“If we are to move away from being assimilated and proceed towards a campaign of decolonisation and self-determination as a People, then how do I take the action to free myself from the demands of the oppressor? The white people have taught us how to think like them, to have similar beliefs and to become accustomed to the Aussie slang and the Aussie way. I must admit they were successful in having me think like them. So I have to move out of that thought process, think like a First Nations person and decolonise. I find it difficult because my physical appearance informs others of who I am as a First Nations person, but I have to admit to myself that I still think like someone who has been naturally born into the coloniser's system.”

 
The personal challenge for this young Lawman is to shake off the shackles of colonialism and get back to a situation in his life where he can acquire greater knowledge of his connection to Country, and the ancient natural Law, which is the continental common Law of our lands, customs, culture and spiritual belief.

It is not possible to free ourselves from the oppressor if we think and see through the colonial oppressors' eyes, or are engulfed by the Stockholm Syndrome. My advice to young and old First Nations people, who are trying to understand how to defeat this colonial octopus, is to start with reading the definition of the Stockholm Syndrome.

We must get back to who we really are

 
Now there is a very deliberate undercurrent out there to make a genuine effort to prevent the eastern state Blackfellas, who have borne the brunt of invasion, from reconnecting with our Old People who continue to hold the Law.

Believe it or not, many of those in the high level of government administration know more about the importance of Songlines than many of our own people. They know that Kangaroo Law and Emu Law stretches from one end of this country to the other – east, west, north and south and all in between.

No matter whether you came from Sydney, South Coast of NSW, central Victoria or the Gold Coast you are connected to these ancient Laws through the Songlines. They are not dead to you, or any members of your families. Your Old People sang the Songline Stories down, no doubt in the hope that one day you all will be able to sing them up. This is why the High Court in the Mabo judgment alluded that the culture cannot be revived. This statement indicates that they know that our culture is not dead. We just need to know that our Law is the Law of the Land and we now need to move towards uniting through the Songlines, because without these Songlines we will not be able to liberate ourselves from the oppressor society.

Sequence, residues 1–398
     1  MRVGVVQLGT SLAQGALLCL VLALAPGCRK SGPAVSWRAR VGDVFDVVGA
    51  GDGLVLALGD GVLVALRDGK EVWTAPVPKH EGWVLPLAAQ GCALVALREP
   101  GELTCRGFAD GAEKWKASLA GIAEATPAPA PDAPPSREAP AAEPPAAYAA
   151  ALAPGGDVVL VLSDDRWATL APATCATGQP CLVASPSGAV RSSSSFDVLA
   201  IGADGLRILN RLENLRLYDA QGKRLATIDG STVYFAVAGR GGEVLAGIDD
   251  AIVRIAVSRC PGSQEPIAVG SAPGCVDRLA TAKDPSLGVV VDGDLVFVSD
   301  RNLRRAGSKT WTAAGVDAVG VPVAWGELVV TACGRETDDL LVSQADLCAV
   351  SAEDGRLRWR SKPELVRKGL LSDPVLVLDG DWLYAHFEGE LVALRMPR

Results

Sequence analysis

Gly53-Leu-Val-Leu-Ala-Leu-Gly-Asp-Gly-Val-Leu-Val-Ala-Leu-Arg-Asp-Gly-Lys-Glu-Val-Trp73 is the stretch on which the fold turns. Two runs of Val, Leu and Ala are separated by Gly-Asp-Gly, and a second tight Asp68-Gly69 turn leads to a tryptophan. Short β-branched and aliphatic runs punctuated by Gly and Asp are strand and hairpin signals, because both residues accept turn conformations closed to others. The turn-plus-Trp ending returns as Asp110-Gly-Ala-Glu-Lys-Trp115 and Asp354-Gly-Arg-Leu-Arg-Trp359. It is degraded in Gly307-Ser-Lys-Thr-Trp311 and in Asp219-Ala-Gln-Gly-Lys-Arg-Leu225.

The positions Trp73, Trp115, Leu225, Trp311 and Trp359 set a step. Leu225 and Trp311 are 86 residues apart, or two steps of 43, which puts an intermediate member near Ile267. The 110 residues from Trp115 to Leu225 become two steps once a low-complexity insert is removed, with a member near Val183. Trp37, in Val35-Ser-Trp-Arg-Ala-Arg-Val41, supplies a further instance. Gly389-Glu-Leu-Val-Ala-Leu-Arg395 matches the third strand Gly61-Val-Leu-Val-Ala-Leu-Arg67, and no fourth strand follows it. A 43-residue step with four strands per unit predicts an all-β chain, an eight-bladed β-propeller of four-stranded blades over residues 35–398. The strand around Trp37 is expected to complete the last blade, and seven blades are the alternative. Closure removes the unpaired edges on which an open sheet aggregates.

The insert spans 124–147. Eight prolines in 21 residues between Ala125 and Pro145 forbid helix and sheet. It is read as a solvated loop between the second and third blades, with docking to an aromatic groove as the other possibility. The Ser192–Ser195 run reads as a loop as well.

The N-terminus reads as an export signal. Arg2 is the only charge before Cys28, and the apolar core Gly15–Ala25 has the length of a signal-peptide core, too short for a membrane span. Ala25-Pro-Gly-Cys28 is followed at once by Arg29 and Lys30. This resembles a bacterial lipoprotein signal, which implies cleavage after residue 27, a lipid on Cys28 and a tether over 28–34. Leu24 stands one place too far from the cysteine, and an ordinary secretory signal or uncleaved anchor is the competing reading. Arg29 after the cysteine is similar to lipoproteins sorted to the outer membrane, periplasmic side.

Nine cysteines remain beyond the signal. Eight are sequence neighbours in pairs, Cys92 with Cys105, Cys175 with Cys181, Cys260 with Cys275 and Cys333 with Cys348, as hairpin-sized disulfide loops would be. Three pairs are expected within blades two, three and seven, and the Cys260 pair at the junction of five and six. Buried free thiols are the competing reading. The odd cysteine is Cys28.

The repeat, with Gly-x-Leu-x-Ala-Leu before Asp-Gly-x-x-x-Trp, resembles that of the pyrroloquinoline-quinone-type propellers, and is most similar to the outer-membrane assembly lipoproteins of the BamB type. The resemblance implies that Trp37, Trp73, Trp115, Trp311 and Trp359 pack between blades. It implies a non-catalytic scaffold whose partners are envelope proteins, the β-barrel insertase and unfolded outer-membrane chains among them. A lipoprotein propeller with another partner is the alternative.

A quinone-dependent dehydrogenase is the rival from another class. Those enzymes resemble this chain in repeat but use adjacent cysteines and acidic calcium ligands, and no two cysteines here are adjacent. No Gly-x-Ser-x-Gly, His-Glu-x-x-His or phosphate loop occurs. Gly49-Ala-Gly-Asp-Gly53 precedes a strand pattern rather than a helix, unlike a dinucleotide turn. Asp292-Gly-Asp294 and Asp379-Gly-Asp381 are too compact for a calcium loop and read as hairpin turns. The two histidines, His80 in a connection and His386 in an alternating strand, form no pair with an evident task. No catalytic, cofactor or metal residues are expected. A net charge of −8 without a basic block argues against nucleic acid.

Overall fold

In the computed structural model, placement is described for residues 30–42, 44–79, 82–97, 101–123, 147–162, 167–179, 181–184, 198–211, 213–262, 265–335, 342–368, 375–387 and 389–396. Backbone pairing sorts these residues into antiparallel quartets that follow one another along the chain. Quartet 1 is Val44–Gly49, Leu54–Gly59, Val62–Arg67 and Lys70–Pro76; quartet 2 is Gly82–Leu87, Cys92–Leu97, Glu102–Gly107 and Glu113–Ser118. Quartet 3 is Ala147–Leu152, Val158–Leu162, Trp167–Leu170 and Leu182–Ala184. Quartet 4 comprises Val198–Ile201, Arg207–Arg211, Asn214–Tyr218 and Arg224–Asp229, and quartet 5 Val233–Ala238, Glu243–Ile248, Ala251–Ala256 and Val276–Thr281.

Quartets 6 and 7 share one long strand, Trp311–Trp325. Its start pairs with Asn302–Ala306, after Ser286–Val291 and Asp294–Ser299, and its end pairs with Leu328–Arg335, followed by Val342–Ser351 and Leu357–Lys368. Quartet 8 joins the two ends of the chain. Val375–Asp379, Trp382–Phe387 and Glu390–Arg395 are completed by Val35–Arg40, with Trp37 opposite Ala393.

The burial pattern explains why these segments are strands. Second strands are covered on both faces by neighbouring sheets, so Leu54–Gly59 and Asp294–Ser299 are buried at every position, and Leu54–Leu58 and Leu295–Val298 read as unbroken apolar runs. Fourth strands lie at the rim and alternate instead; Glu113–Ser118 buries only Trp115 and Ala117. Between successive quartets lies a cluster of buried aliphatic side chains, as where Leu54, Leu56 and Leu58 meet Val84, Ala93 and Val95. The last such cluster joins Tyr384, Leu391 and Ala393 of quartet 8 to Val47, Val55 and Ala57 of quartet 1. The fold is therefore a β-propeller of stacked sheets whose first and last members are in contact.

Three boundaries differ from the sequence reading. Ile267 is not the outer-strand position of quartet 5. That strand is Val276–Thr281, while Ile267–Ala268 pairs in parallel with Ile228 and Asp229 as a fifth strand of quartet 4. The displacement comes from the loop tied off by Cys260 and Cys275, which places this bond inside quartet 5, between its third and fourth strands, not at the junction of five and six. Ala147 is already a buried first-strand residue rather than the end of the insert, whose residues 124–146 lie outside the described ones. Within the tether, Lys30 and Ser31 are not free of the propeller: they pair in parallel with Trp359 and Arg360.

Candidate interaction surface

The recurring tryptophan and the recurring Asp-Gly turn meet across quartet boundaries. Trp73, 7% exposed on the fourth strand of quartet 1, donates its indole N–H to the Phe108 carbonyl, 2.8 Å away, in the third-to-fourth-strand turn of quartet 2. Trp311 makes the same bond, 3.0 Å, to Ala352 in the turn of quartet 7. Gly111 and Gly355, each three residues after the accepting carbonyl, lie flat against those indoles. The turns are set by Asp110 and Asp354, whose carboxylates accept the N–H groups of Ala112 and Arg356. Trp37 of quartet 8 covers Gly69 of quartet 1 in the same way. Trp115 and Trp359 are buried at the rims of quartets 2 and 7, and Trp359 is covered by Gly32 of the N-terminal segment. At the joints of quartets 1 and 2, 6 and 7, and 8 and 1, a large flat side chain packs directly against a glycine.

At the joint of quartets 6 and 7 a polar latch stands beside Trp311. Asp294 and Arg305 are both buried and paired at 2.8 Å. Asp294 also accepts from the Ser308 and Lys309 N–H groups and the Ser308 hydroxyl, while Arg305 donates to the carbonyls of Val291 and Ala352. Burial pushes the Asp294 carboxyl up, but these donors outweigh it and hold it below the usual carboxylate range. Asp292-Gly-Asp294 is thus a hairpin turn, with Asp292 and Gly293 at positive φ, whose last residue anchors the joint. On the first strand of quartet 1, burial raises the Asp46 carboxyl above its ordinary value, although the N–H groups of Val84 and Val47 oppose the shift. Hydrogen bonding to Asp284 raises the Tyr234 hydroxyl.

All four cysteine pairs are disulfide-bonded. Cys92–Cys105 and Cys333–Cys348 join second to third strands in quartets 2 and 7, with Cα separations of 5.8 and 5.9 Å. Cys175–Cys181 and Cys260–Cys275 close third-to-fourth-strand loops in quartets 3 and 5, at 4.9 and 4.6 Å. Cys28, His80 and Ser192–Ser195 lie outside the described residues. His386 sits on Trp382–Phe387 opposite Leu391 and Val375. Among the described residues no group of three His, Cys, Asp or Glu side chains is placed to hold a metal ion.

It is time to come together in local, regional and national conventions, where we can engender dialogue and debate on our future. It appears to me that people such as Sean Gordon and his support for Noel Pearson's 'Empowering Communities' is a pathway forward for the assimilated, who are sufficiently pleased to only know maybe a little bit of language and knowledge, which enables them to maintain an extant relationship to their ancient norms and culture, including the use of snippets of langauge.

They then perform as museum pieces of an ancient cultural past. But it is sad to realise that these actions are often money-making ventures for those who perform, through dance and arts. If this is their choice, then good luck and enjoy it. But I believe for us who stand and fight for all that is ours, we should be declaring that those who seek to assume the colonists' life styles through assimilation then loose the right to make any comment on policy, legal or political, about our First Nations' future and our ambitions to be liberated.

The line is drawn

 
At the Referendum Council's National Constitutional Convention, the line was drawn in the sand. There are no objections to those who want to be absorbed into our oppressor's society. For us who seek to stand and fight, then we must set our sights on looking at the details of how we develop ourselves as self-determining Nations and Peoples, being guided by international legal norms, whilst living next door to our oppressor.

Give some thought to this. There are well known examples of successful liberation movements around the world. Good old Google will tell you all about them, and I propose we assess the possible pathways forward, based on international experiences that have been successful.

Ghillar

Contact: Ghillar Michael Anderson
Convenor of Sovereign Union of First Nations and Peoples and Head of State of the Euahlayi Peoples Republic -
Contact Details for Ghillar